Civil wars are twice as likely to break out in countries that see severe weather fluctuations because of El Niño, according to a new study published in the journal Nature.

El Niño Southern Oscillations occur every four to seven years when winds warm the surface of the ocean, subjecting tropical countries to effects that range from heavy rains to drought. Solomon M. Hsiang of Princeton University and his colleagues studied the correlation between El Niño and political unrest in 175 different countries from 1950 to 2004, and found that civil war broke out nearly six percent of the time when countries were affected by the climate phenomenon, compared to the non-El Niño rate of three percent.

This study shows a systematic pattern of global climate affecting conflict and shows it right now, Hsiang told The Washington Post.

Hsiang acknowledged that the results are not enough to establish a direct causal link, but he said that the data suggests that El Niño could contribute to a multiplicity of factors that might ignite strife. Researchers noted, for example, that agricultural production usually suffers during El Niño and that unemployment can rise, creating restive populations.

Different hypotheses have been proposed as to how one phenomenon causes the other, and we aren't sure yet what the correct narrative is, Hsiang said. It could be that agricultural income in El Niño years drops to levels that can trigger violence. Furthermore, psychologists think that aggressive behaviour gets generally more widespread during exceptionally warm conditions.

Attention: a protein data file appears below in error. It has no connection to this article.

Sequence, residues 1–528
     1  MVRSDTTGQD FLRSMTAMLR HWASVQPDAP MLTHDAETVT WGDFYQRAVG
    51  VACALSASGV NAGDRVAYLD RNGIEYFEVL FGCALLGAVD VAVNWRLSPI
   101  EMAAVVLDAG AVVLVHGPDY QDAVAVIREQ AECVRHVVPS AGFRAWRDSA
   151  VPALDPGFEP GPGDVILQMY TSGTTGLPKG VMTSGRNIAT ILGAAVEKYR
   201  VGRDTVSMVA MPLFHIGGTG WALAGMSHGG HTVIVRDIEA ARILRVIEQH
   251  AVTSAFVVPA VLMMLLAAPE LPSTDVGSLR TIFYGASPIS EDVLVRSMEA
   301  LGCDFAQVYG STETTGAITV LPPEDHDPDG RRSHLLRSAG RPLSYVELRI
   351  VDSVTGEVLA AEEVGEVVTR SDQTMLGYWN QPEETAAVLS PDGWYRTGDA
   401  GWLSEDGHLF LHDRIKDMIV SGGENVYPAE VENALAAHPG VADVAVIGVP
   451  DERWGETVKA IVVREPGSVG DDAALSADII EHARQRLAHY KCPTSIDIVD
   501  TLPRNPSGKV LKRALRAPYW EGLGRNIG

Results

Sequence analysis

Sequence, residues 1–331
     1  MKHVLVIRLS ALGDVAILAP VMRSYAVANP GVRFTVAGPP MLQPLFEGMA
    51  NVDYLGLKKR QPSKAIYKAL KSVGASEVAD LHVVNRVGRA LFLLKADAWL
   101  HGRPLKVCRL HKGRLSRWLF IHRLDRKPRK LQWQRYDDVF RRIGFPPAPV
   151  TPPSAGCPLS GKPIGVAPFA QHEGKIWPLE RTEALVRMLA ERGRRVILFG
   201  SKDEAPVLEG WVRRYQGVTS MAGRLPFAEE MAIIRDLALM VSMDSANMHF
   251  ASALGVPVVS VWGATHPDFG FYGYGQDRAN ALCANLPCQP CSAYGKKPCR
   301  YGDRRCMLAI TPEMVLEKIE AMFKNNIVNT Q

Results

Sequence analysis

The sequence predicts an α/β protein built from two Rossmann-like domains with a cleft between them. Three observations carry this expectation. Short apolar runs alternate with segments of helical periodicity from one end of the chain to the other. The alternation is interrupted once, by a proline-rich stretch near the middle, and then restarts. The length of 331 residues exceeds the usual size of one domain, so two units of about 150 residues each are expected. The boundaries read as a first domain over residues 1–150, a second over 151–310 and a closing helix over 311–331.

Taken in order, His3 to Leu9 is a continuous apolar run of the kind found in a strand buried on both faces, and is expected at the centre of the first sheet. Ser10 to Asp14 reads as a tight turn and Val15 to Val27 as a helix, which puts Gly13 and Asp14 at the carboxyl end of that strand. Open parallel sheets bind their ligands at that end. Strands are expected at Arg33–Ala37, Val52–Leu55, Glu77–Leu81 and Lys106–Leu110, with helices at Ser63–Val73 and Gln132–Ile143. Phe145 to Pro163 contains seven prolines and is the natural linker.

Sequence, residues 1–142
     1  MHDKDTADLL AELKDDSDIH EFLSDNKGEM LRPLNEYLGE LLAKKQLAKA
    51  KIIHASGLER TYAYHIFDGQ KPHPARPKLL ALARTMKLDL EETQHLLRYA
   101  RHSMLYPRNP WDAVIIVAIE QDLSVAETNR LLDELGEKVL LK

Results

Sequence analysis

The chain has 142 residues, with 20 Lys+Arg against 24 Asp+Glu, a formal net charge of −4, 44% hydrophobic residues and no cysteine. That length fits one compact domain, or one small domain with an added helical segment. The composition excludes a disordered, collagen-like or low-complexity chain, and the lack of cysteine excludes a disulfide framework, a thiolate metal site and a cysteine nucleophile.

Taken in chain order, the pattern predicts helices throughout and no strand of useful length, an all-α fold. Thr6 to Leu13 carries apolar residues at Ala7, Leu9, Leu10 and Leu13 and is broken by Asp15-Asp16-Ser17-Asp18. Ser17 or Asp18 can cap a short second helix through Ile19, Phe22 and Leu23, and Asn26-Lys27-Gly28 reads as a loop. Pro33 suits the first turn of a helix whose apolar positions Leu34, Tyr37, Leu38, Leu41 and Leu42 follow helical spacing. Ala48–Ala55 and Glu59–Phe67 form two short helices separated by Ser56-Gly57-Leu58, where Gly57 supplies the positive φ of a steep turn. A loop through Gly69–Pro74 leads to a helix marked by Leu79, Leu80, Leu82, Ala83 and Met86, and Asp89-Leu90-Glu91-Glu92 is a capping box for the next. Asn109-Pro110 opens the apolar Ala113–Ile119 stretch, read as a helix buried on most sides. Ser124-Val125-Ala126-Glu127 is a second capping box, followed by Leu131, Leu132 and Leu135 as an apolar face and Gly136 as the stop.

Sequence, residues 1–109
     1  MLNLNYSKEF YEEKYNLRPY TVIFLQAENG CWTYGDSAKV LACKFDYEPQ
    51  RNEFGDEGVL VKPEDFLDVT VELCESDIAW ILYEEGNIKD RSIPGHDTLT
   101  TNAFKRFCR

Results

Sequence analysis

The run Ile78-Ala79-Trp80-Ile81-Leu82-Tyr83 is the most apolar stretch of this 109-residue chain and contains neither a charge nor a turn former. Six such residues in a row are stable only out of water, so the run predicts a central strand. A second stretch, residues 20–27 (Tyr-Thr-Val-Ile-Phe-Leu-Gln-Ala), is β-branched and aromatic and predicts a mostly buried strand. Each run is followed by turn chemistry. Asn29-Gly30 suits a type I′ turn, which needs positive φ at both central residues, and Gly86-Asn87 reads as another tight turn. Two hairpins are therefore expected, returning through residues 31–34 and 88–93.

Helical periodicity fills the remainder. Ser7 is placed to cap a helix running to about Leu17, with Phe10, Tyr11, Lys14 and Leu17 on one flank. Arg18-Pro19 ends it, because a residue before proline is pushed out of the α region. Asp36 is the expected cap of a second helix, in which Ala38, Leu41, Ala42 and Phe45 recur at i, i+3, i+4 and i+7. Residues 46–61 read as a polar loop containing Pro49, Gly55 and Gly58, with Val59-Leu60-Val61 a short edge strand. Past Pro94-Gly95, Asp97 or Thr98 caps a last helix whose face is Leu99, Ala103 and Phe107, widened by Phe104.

In the 234 civil wars the researchers studied, 21 percent of civil conflicts overall and 30 percent in tropical nations were linked to the presence of El Niño. Tropical nations where civil war and El Niño overlapped included Sudan, El Salvador, the Phillipines, Uganda, Angola, Haiti, Burma, Eritrea, Indonesia, Cambodia and Rwanda.

I would love to say we would be able to predict conflicts, but this study falls short of that, co-author Kyle Meng said. We are able to predict strong El Niño years, and based on the result of our study the likelihood of violence breaking out in the tropics increases dramatically. At a minimum, national governments and national institutions should be ready for such a thing.